Other times, I've been fortunate enough to see something develop and have got to know the brains behind the scenes. Regular readers will know that this was the case with The Football Analyst. I got to know Graeme, could see what he was doing when in the process of developing his football systems, recognised that he has great analytical skills and came to the conclusion that if anyone was going to make a success of building a series of systems derived from ratings, it was him. It was a bit like going to a very impressive doctor - I knew I could put my faith in him. Hence I jumped straight in from Day 1 of TFA bets being released. No live proofing to fall back on. No incisive SBC report to read. Bang - straight in - and thank Dennis Bergkamp for that! Had I hesitated, I'd have missed out on a whole lot of profits.

The point I'm trying to make here is that thorough research, proofing, SBC reports etc are all incredibly important (in fact I'd go further than that and say that actually they are necessary if you want to get it right more times than you get it wrong), and that the ability to research and draw accurate conclusions from such material is a vitally important skill to possess when constructing a portfolio, at the end of it all, good old gut feel mixed with common sense can reap rich rewards. Sometimes, selecting the right services for you is as much art as science.

Tomorrow I'll talk about the role the SBC play, and other sources of information I use to identify services that I may want to watch with a view to subscribing at some point in the future.

But, as Bugs Bunny often said - for tonight at least - that's all folks.


Monday's Betting

£1.36 profit. Heh!

Quiet day.

A winner for The Sportsman Racing (Stand Of Glory - Thirsk - 8/13). You know I've heard it said that you can't find value in odds on shots, but if you back a horse at 8/13 that goes off at 4/11, I'd say value has been well and truly found!

The poor run that Winning Racing Tips (0/1) are currently enduring continued with their one (admittedly lightly staked) bet went down. No joy either for The Market Examiner (0/2).

Only Sportyy in action for the Sports portfolio, suffering a very small loss with one winner from three (Andujar to bt Matosevic - 2.08/1).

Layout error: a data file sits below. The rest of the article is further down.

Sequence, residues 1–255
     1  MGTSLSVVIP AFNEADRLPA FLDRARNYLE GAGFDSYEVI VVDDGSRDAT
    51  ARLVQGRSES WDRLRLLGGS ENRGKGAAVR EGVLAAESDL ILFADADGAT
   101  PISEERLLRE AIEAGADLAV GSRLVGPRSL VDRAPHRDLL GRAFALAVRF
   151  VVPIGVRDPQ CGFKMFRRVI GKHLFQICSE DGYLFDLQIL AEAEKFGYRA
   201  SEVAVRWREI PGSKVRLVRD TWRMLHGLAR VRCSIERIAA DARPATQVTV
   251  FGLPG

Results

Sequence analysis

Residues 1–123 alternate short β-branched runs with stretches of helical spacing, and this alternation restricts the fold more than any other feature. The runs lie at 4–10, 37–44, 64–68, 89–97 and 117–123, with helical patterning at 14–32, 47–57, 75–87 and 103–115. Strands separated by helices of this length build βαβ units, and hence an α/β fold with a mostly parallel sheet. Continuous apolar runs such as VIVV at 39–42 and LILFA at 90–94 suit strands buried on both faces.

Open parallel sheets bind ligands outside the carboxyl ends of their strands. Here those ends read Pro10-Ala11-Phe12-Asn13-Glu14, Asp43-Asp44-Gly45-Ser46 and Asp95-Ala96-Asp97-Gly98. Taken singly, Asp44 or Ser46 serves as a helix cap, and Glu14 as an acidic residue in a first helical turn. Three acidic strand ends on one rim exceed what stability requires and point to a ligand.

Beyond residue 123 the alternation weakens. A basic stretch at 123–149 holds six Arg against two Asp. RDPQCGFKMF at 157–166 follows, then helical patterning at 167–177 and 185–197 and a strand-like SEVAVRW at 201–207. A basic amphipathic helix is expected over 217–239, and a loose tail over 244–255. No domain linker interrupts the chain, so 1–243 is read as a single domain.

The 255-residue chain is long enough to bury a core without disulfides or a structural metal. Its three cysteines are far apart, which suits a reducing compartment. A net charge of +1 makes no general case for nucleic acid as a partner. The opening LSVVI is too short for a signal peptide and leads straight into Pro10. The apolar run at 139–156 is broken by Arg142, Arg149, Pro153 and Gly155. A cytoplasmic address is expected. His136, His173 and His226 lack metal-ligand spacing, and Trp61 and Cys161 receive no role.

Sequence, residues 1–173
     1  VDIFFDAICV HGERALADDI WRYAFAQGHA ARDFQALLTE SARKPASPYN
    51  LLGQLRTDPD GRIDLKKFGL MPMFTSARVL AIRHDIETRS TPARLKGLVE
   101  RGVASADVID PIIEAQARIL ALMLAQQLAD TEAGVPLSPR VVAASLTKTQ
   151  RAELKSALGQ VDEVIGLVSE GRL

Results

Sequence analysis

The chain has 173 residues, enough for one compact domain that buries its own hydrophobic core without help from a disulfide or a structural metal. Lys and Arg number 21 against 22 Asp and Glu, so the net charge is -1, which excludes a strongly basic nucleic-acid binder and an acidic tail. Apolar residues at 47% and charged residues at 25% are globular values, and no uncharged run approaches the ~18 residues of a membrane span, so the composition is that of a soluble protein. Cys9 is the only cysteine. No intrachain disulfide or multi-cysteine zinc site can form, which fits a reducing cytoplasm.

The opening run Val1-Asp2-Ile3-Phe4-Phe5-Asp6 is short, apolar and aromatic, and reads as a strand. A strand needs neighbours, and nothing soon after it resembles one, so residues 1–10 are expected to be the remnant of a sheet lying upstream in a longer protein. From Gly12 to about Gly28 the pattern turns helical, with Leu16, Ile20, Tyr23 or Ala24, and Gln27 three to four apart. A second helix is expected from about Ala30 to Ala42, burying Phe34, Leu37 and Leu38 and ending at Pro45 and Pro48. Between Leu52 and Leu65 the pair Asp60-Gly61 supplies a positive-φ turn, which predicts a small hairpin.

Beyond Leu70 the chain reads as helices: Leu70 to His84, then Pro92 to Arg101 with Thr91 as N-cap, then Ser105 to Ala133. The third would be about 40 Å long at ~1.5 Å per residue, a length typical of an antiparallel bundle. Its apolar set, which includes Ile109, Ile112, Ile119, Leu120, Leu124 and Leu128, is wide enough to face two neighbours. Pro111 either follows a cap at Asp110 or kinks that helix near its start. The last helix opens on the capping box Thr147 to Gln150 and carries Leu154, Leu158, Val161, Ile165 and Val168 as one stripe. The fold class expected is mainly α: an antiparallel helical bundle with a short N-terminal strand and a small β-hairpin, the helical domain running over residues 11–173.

Month to date figures:

Northern Monkey: Staked 24pts, -8.918pts, roi -37.15%
On The Nose: Staked 21.75pts, -6.025pts, roi -27.7%
The Sportsman Racing: Staked 1.5pts, -0.692pts, roi -46.16%
Winning Racing Tips: Staked 3.7pts, -1.741pts, roi -47.07%
The Market Examiner: Staked 14pts, -7.8pts, roi -55.71%
Total roi -37.01%

Summer Of Football: Staked 13pts, +6.204pts, roi 47.72%, ROC 31.02%
The Sportsman: Staked 0.3pts, -0.013pts, roi -4.33%, ROC -0.21%
Form Lab Lite: Staked 14.5pts, -1.145pts, roi -7.89%, ROC -2.29%
Sportyy: Staked 14pts, +6.21pts, roi 44.35%, ROC 7.76%
Service X: Staked 119pts, +5.797pts, roi 4.87%, ROC 5.79%
Total roi 15.08%

Grand Total roi -1.24%

Back tomorrow.


  1. Thanks for the interesting and informative blog! I've just joined TFA this summer, having seen the referral from SBC. The systems look excellent and I guess the consistent results really do speak for themselves.

    I'm starting with a realtively meagre bank and hope I'm not too aggressive, although I intend to use a fairly risky 1% bank compound staking plan which increases to the high point and doesn't decrease.

    I pray to DB10 that this is a good season! Keep up the good work :-)


  2. Hi Chris,

    I'll be very surprised if you ever regret joining TFA. Top analyst running that show.

    Have you got which systems you're going to follow sorted out? Funnily enough, that is something I've been working on this week and had intended to do a proper post on it next week.

    Ah...sounds like you're a Gooner. You're welcome here any time. :)